It is not yet Uhuru for the Obiedient led youth movement . The actions and inactions of the incoming administration will either soothe the frayed nerves of the youths or exacerbate the tension. The youths have entered a political liberation mood. Therefore, everyone in the new administration must demonstrate to the youths that it is not business as usual and must work hard to start tackling the demands of these youths, including employment, security, education, and better hope for their future in Nigeria. The youth movement will become stronger and even more menacing if they do not do these. Fortunately, the youth have been largely democratic and has resisted any tendency to be violent and destructive. Let us tame the “beast” before it grows beyond our control and consume us all. 

The election’s demographic outcome has raised the urgency that the incoming government needs to apply to address the level of frustration among youths in the land. It is either youths planning to “JAPA” or poised to stay and fight the orthodoxy through any means possible, including political means. The issues that gave rise to the Obidient  movement are still here. The new government must address these issues and  give our youths hope for the future of this country. In a country where more than 70% of its population are youths, we should harness these youths’ energy, talents, and skills to build the nation. This government must embrace the youths and involve them in solving most Nigerian problems. The incoming  government must identify competent and patriotic  youth leaders and use them to catalyse Nigeria’s development.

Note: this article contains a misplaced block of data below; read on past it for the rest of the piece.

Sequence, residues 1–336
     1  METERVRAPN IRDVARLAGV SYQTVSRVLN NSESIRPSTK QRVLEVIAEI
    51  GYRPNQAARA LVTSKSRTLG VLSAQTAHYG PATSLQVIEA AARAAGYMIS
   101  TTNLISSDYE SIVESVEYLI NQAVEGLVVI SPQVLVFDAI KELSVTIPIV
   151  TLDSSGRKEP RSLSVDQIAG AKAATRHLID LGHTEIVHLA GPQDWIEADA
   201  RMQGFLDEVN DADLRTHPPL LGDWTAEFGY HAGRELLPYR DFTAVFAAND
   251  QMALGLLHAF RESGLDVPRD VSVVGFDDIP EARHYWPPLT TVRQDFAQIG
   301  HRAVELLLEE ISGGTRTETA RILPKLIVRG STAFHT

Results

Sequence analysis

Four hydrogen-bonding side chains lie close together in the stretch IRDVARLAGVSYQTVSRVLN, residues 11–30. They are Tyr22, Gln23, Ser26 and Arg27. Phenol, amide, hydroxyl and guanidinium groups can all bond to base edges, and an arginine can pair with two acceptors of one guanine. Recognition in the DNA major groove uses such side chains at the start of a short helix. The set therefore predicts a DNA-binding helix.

Fortunately, the president-elect and Vice president-elect are leaders known for using the best young talents in leadership. They have groomed many young leaders that have made a national impact in various fields, and I implore them even to go further to engage youths to tackle the youth problems in Nigeria. Only these will ameliorate the anger on the streets and calm the growing frustrations among the youths who are fed up and angry with the system, its leadership, and its processes. The president is the father of the nation and must listen to his children. The new Nigeria he is building is more for these youths than for his generation. Therefore, he must not view these youth movements as a threat or a danger to his system. Instead, he must see them as opportunities to work with youths to build a better, more significant, and safer Nigeria for all.